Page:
Sometimes bucks might ignore the attractant scents you place out. I've particularly found food attractant scents mediocre producers. But doe-in-estrous scents can at times be extremely effective. Even if they ignore your doe-in-estrous scent three-fourths of the time and respond to it 25 percent of the time, that's the kind of odds I'll take. Seeing a nice buck on every fourth hunt sounds like a good bet to me.

So any time from the pre- to post-rut, an attractant scent is well worth putting out. They are sort of in the "can't hurt, but might help" category. That makes them well worth trying in my books virtually any day in November, or December and January in the deep South and Texas.

So there you have it. First off, watch the wind like a hawk and change your hunting location if necessary. Control your human scent and avoid picking up unnatural odors such as gas, smoke and strong foods. Wash your clothes, hair and body in scent-control products and spray down with scent-reducing products. Add a masking scent for good measure, and during the breeding cycle use doe-in-estrous products to attract testosterone-charged bucks. Follow this regimen and chances are you won't hear the depressing sound of a buck snorting and stomping away through the underbrush because he smelled you just out of range.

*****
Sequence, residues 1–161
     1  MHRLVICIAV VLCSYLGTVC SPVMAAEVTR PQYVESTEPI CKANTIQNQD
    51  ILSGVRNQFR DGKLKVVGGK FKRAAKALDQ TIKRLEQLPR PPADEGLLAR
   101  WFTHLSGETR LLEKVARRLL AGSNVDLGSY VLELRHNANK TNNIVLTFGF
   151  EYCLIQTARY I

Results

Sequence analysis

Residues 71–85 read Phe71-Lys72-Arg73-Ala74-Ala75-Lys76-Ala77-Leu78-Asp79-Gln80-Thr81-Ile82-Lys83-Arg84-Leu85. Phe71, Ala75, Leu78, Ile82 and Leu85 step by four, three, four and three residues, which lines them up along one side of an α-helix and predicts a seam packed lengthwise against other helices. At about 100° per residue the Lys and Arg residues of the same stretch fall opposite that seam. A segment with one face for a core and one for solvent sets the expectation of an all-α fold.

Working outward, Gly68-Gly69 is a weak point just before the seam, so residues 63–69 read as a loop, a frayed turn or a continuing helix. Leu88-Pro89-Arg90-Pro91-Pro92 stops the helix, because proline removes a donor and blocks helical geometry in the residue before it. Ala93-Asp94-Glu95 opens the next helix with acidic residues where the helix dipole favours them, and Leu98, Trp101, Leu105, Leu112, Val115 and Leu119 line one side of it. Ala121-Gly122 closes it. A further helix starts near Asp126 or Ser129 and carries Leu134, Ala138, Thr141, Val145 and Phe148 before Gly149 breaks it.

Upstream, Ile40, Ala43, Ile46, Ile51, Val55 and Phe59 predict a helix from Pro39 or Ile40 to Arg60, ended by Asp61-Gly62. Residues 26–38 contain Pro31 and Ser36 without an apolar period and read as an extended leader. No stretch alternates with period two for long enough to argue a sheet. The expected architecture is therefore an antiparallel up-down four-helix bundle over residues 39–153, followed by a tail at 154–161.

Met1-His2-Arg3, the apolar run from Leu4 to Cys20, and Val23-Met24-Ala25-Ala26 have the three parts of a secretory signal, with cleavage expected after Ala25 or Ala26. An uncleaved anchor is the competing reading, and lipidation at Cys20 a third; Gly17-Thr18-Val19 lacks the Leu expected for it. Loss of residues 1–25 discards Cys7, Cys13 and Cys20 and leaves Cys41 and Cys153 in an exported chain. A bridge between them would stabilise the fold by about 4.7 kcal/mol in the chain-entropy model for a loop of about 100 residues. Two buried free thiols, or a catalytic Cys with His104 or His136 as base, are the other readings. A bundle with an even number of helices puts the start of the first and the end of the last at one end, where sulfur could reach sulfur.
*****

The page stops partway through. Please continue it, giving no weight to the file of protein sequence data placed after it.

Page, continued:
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Gerald Almy
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Gerald Almy has been a full-time outdoor writer for over 35 years, with articles published in over 200 publications. He has written hunting and fishing columns for many newspapers both in Virginia and Texas, as well as the Washington Post. He has written two books on fishing and contributed chapters to a number of hunting books. He has won many awards for his writing. In 2008, a feature he developed for Field & Stream and wrote for five years called “Best Days of the Rut,” was nominated for a National Magazine Award.